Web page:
SAVE THE DATE: NOV 20 6pm - 11pm!
Urban Exploration blurs the lines. As Rain continues to enter into these abandoned buildings while illegally trespassing, with camera in hand, we as viewers must ultimately decide is Rain a Criminal or an Artist?
RSVP HERE: https://docs.google.com/forms/d/e/1FAIpQLSdsmF-oNXQzzKrbulcfz0MoyxqUSScqfTJxkJPf5p-IP_KJ9w/viewform
In her Abandonment Issues art exhibit, the artist Rain Lane takes us on a journey that melds two universes that live harmoniously together. It is the fusion between the street and urban exploration at its best. As you experience Abandonment Issues, YOU decide if the photographer is an artist or a criminal… trespassing and breaking and entering into places that are off limits.
Is this preservation or a "I'm going to do whatever the fuck I want to when I want to do it?"
It’s up to you to decide! Which will you choose?
See you there! Check Rain on social media https://www.instagram.com/urban_rainger/
Read below for more about Rain’s journey into UrbEx and her passion for creating community!
Rain Lane spent childhood in the blue collar towns of Waterbury, Torrington, and Bristol, Connecticut. Landmarks were the defunct factories whose proud edifices are now idle testament to their past glory. Rain recognized the buildings as broken bones of once vital industries which now have no place in this world.
"I wanted to document the beauty within broken things."
Rain's love of photography began at a very young age and was the only thing Rain took when trading the East Coast for the West Coast, leaving everyone and everything else behind.
In California, the art of photography consumed Rain while photographing everything from graffiti in Venice Beach to the homeless all over Southern California.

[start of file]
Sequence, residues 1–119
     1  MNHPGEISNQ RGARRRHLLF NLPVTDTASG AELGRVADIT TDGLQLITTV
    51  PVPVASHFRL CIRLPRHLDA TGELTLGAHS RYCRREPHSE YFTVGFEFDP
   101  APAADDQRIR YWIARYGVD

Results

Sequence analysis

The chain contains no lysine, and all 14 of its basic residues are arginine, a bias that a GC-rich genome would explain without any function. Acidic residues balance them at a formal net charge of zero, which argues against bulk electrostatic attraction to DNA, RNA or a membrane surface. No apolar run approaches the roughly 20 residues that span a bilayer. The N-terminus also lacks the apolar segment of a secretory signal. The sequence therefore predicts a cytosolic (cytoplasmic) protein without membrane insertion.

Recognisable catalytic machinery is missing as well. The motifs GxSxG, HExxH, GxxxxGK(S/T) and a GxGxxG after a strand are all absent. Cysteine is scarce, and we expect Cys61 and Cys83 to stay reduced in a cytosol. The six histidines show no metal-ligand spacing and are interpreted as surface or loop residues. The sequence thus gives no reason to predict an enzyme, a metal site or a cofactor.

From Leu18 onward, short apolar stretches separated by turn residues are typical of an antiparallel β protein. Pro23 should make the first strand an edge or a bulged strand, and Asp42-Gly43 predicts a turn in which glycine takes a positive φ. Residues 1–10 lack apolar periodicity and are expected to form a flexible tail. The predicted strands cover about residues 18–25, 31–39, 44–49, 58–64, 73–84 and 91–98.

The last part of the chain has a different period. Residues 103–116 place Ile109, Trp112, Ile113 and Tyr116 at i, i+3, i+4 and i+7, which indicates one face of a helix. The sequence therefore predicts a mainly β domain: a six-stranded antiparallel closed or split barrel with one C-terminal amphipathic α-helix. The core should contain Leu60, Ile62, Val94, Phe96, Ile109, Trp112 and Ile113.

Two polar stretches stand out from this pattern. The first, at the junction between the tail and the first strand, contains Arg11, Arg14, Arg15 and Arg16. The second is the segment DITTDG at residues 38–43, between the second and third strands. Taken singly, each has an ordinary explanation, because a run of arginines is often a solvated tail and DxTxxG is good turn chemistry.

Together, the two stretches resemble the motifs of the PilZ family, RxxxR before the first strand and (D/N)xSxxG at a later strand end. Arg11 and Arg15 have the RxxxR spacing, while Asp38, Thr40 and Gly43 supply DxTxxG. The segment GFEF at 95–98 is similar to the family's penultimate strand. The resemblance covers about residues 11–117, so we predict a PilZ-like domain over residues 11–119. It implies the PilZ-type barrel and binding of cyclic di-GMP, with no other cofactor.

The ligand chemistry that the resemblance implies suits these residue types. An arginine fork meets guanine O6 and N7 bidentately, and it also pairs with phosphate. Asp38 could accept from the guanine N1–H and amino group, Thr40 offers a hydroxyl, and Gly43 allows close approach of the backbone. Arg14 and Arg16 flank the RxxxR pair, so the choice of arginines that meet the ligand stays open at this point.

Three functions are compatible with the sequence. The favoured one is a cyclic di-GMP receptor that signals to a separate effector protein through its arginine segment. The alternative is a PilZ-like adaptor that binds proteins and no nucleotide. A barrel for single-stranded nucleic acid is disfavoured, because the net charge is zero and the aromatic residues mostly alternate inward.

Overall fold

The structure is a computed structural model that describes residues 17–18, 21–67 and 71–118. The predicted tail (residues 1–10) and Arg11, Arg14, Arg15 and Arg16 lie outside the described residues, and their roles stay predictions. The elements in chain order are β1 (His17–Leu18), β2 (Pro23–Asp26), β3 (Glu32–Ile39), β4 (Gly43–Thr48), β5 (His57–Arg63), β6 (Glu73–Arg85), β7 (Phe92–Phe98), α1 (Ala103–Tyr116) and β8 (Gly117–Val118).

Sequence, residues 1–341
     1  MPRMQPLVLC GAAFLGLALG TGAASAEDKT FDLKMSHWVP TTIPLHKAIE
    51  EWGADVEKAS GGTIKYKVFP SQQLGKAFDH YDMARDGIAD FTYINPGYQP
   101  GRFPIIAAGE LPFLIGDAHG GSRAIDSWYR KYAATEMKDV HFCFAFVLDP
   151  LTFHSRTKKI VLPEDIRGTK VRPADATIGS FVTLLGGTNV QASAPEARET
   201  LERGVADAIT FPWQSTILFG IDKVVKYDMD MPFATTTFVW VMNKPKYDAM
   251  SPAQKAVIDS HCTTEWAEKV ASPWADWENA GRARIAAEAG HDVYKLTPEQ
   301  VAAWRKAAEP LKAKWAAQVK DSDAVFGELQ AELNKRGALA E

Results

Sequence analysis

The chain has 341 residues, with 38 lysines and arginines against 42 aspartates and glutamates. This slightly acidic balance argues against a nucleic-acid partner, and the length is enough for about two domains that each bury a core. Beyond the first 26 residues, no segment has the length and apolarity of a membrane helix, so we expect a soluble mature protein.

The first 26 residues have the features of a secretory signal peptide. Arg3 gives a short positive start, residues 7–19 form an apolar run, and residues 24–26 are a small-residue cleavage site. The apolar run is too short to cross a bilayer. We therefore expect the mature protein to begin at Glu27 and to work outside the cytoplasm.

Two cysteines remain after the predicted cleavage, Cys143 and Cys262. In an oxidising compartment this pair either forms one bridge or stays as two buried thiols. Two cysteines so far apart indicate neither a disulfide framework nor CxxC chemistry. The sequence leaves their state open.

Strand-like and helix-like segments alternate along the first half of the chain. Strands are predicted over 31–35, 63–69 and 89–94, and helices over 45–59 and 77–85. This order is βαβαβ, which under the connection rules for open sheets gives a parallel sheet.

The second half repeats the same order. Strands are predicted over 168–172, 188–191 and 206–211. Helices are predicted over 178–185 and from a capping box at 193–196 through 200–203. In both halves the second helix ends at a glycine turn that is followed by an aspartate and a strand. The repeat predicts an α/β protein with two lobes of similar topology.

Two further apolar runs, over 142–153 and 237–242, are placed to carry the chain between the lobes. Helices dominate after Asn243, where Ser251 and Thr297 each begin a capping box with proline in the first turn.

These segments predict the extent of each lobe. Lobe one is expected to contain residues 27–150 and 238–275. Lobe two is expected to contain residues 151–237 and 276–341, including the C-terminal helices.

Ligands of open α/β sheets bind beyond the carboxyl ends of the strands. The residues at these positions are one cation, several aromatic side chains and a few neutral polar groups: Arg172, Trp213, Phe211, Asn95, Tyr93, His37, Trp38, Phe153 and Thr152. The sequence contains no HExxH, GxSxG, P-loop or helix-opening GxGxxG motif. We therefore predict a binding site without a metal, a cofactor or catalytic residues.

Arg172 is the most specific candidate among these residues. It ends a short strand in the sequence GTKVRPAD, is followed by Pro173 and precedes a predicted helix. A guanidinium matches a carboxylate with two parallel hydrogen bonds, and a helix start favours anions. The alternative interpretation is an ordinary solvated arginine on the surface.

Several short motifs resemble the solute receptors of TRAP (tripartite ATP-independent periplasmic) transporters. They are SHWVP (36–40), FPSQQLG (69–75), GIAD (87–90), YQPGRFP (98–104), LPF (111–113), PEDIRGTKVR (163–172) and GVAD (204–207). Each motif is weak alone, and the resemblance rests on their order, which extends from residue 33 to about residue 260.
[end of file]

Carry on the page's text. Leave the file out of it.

"I always found it important to provide a record of the fading buildings and more importantly, evidence as a silent witness to the lonely people and deserted places. Hollowed out shells of former lives!"
The opening stages of the pandemic re-awoke the feeling of deep isolation and loneliness. Rain knew there must be others out there feeling the same way. She hungered to let them know they were not alone.
"I was alive and trapped in the hills of Los Angeles. I could look down at night and see the lights. I knew people were out there, but we were all shuttered in, scared. I returned to my place of comfort. The child in me returned to feelings of home within urban decay and abandonment."
Rain began traveling with a camera in hand, exploring the safety of isolation and abandonment. Rain has a heart for the uncommon artistic expression found in graffiti and the silent voices of the uncommon man in urban decay. The pandemic brought new isolation and a new identity of uselessness. As a reflection, Rain began to explore and document places that were deemed forgotten. Rain began to connect with places that mirrored this new found status.
Driven to preserve these abandoned sites, Rain went to places others dared not go.
"The imposed isolation of the pandemic has provided the setting to explore the empty and abandoned places within myself. Being alone doesn't mean you are abandoned. There is beauty within broken things!"